An African take on the Sustainable Development Goals
Brookings Institution • Tuesday, Oct 13

A decisive triptych: FFD3 / Post-2015 / COP21 2015 is an unprecedented year for global decisionmaking. It is the culmination of three years of intergovernmental negotiations and the signing of three important agreements. First, the Addis Ababa Action Agenda, adopted at July’s Third International Conference on Financing for Development (FFD3), determined the magnitude for the realization of an ambitious Post-2015 Development Agenda. Then, on August 2, member states reached a...

A fairer approach to fiscal reform
Brookings Institution • Tuesday, Oct 13

Benefits for older Americans — especially through Social Security and Medicare — account for the largest part of federal spending today and for the lion’s share of the spending growth that will occur in coming decades without changes in policies. That growth is not surprising: With baby boomers moving into retirement, the number of beneficiaries of those programs is surging. Indeed, in the Congressional Budget Office’s current-law projections, all...

Research and development budget requests increase across federal agencies
Brookings Institution • Tuesday, Oct 13

2016 federal budget requests for research and development (R&D) efforts totaled nearly $146 billion, a six percent increase over the 2015 enacted levels. Defense efforts account for nearly half of the $146 billion. There is no set federal R&D budget. As noted in a Brookings paper titled The politics of federal R&D: A punctuated equilibrium analysis, “The budget process is decentralized and does not pit agencies against each other in a race for a bigger slice...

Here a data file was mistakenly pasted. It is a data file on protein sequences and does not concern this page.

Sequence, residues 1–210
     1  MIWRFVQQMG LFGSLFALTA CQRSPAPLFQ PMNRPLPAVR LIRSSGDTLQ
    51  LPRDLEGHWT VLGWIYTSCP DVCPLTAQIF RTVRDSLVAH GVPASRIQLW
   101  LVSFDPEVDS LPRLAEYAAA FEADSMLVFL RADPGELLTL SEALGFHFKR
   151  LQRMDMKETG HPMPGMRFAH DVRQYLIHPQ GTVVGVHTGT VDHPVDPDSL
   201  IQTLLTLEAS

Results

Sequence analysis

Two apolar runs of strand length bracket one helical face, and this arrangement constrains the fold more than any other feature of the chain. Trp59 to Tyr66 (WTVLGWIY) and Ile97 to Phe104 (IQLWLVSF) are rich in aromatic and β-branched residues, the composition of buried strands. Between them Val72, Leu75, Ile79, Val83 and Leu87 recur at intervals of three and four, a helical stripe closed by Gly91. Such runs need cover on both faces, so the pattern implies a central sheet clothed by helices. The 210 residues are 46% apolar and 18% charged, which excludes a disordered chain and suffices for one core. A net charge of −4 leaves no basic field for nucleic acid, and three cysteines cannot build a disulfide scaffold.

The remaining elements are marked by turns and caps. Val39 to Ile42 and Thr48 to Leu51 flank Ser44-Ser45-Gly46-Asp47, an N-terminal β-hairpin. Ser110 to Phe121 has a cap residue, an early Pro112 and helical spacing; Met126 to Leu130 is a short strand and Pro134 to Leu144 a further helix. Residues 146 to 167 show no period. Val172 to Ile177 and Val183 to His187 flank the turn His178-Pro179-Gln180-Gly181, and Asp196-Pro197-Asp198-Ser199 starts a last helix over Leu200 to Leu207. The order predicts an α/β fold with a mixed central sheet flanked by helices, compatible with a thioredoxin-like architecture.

Sharifs and a Make-Believe
Carnegie Endowment for International Peace • Tuesday, Oct 13

On my way from Karachi airport to the city three weeks ago, I noticed large portraits of General Raheel Sharif at almost each crossing. That was a sign of a public-relations offensive that was as systematic in the media: One channel shows him comforting families of victims of terrorism, another broadcasts images of Raheel Sharif celebrating Eid al-Adha with soldiers in Khyber Agency.  Christophe Jaffrelot Nonresident ScholarSouth Asia Program ...

Raja-Mandala: Stumbling in the Neighborhood
Carnegie Endowment for International Peace • Tuesday, Oct 13

External Affairs Minister Sushma Swaraj’s visit to Maldives over the weekend hopefully signals a much needed course correction in New Delhi’s neighbourhood policy. Prime Minister Narendra Modi’s impressive outreach to the neighbours when he took charge of Indian diplomacy in May 2014 has seen some unfortunate stumbles — in the Maldives, Nepal and Pakistan.Modi, it might be recalled, had cancelled his scheduled visit to the Maldives at the very last minute...

Cato Institute • Tuesday, Oct 13

If Hillary Clinton were to be elected president, what economic policies would she propose and what would be the effect on the economy? To try to get an answer, I have looked at her statements, her campaign website, and her Senate record. Mrs. Clinton has recognized the major economic problem of slow growth and stagnant incomes, and her economic platform is called, “A plan to raise American incomes.” Unfortunately, the plan is largely a list of feel-good statements with...

Better Data, More Light on Congress
Cato Institute • Tuesday, Oct 13

There’s an old joke about a drunk looking for his keys under a lamp post. A police officer comes along and helps with the search for a while, then asks if it’s certain that the keys were lost in that area. “Oh no,” the drunk says. “I lost them on the other side of the road.” “Why are we looking here?!” “Because the light is better!” In a way, the joke captures the situation with public oversight of politics and public policy. The field overall is poorly illuminated, but...